WASHINGTON Feb 7 The financial industry
asked a federal court late on Tuesday to temporarily block
regulations approved by the U.S. futures regulator aimed at
preventing excessive speculation in commodity markets such as
oil and gold.
The Securities Industry and Financial Markets Association
(SIFMA) and the International Swaps and Derivatives Association
(ISDA) told the court if the U.S. Commodity Futures Trading
Commission's rules go into effect they would irreparably harm
their members and the public.
In a 50-page filing with the U.S. District Court for the
District of Columbia, the groups said unless the court granted a
preliminary injunction to delay the rules until the case is
decided, the industry would shoulder additional costs that could
never be recovered.
In addition, they argued market participants would be forced
to forgo trading strategies and their ability to hedge against
risks would be damaged.
"A stay will, however, avoid imposing costs that the agency
concedes will occur and that a majority of the (CFTC)
commissioners determined would harm consumers and the markets as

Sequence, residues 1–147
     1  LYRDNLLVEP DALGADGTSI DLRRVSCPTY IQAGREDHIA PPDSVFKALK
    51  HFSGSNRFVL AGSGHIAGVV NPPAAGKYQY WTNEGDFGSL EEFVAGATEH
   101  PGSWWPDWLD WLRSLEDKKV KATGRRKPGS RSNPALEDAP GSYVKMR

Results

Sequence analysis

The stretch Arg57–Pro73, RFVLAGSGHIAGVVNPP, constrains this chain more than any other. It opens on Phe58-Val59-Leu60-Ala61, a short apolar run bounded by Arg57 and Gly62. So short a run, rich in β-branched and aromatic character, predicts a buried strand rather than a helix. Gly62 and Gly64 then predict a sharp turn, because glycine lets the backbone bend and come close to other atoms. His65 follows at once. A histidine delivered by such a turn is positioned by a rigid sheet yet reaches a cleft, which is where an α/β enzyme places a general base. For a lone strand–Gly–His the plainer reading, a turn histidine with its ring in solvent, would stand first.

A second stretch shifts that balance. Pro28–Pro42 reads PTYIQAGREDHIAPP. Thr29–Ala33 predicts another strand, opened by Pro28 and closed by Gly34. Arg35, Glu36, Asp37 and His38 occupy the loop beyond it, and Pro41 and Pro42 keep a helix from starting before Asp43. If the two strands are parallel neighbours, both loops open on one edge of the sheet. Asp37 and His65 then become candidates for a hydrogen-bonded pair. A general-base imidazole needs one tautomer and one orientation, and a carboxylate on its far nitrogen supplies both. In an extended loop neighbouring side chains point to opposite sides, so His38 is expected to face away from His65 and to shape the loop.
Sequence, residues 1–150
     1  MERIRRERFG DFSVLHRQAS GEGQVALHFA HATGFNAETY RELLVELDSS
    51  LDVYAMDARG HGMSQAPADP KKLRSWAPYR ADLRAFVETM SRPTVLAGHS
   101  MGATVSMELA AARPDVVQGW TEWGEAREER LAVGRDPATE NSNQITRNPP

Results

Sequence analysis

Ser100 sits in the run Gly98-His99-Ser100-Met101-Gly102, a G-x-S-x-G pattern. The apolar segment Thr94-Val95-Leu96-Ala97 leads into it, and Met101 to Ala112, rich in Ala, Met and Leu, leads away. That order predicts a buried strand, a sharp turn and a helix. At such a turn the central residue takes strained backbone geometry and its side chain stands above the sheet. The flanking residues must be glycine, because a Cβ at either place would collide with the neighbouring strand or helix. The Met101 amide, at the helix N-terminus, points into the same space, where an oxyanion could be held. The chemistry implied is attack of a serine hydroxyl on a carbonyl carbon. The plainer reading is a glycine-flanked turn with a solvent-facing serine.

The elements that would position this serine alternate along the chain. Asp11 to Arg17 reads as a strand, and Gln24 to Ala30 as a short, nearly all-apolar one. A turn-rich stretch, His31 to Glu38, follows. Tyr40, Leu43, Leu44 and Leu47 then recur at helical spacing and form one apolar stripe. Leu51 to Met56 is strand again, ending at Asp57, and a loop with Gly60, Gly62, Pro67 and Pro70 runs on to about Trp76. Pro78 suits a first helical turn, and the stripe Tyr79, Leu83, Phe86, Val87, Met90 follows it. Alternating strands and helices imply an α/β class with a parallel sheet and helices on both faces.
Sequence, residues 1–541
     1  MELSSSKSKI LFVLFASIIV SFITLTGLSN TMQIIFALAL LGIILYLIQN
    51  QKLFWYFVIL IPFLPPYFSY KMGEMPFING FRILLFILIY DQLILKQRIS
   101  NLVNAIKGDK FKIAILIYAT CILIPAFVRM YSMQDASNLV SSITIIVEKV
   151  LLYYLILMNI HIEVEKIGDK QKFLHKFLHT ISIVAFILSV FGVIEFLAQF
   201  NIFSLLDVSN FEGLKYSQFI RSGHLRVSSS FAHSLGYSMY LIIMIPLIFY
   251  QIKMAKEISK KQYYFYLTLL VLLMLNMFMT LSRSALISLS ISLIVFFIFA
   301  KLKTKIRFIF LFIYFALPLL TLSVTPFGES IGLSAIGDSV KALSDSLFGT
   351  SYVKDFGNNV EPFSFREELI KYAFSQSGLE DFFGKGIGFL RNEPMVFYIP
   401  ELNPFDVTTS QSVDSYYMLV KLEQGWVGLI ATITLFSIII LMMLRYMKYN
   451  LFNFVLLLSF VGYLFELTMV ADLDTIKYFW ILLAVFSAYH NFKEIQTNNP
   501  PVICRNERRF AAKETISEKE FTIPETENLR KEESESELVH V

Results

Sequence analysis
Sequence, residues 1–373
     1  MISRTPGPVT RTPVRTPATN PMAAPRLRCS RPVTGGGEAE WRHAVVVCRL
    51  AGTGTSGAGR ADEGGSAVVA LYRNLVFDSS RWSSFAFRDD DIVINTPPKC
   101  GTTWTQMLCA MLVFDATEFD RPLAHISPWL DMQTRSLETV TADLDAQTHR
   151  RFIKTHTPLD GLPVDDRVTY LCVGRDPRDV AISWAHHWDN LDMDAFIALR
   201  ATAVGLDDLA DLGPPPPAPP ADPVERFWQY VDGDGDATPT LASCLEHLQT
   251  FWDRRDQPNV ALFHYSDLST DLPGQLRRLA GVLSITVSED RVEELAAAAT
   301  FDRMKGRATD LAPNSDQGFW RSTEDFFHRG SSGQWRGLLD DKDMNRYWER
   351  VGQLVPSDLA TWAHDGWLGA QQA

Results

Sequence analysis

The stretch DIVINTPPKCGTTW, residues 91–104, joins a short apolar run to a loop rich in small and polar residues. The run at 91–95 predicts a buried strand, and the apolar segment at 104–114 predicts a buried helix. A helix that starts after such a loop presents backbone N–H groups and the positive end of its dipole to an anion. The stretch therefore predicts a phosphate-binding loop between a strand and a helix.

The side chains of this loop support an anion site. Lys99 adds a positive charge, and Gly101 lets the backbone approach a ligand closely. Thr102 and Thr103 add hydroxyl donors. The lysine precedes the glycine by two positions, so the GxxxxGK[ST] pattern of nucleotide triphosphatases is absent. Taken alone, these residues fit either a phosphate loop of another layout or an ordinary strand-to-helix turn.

a whole," the groups told the court.
SIFMA and ISDA members "will experience added costs and
irreparable harm each day this rule remains in effect, and there
will be no identifiable harm from a stay", they said.
The CFTC narrowly approved the position limit plan in
October by a 3-2 vote, but there was significant internal
dissent within the agency on whether the rule was needed.
Most on Wall Street have decried the notion of capping the
number of futures and swaps contracts that any single trader
could hold. They view the proposal, first made following the
commodity spike in 2008, as a misguided political attempt to
stem soaring prices.
SIFMA and ISDA sued in December to block the rules, arguing
the CFTC exceeded its authority and that they were not
adequately justified. Traders also have cried foul, saying the
rules were a politically motivated effort to cap prices that
will make markets less liquid and more volatile.
The futures regulator was given the authority to impose
position limits under the Dodd-Frank financial regulatory
overhaul legislation passed in 2010.